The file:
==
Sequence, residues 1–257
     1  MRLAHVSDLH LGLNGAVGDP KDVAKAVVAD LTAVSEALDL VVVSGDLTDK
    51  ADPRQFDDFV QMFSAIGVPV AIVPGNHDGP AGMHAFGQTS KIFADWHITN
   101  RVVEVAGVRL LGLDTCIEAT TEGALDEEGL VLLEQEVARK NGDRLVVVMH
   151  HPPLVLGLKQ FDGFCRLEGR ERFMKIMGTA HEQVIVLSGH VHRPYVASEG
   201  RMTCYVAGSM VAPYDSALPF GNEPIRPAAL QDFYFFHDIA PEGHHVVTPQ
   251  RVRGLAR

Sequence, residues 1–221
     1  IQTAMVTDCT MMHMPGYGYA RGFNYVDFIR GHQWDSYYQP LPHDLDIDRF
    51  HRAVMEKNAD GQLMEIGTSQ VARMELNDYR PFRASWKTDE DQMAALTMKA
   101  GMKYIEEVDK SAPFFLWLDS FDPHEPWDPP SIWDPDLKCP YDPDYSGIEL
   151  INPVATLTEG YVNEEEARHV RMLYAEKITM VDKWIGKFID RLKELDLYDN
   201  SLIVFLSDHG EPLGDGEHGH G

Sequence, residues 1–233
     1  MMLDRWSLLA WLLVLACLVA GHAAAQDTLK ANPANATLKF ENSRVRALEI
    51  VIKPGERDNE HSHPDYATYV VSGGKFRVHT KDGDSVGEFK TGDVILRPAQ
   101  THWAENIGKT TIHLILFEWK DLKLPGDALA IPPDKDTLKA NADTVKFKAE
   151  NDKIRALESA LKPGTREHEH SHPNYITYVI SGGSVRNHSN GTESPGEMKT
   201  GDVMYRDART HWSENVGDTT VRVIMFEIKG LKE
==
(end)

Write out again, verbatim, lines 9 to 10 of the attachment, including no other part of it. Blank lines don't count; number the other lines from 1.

     1  IQTAMVTDCT MMHMPGYGYA RGFNYVDFIR GHQWDSYYQP LPHDLDIDRF
    51  HRAVMEKNAD GQLMEIGTSQ VARMELNDYR PFRASWKTDE DQMAALTMKA